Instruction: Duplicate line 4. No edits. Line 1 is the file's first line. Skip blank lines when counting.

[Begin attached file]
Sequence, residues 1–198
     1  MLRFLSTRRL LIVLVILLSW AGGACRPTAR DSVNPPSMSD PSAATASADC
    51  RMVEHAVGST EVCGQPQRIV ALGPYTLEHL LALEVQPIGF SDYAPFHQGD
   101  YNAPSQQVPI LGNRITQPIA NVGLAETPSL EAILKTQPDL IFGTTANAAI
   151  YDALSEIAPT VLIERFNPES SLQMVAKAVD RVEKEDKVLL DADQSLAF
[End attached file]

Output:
   101  YNAPSQQVPI LGNRITQPIA NVGLAETPSL EAILKTQPDL IFGTTANAAI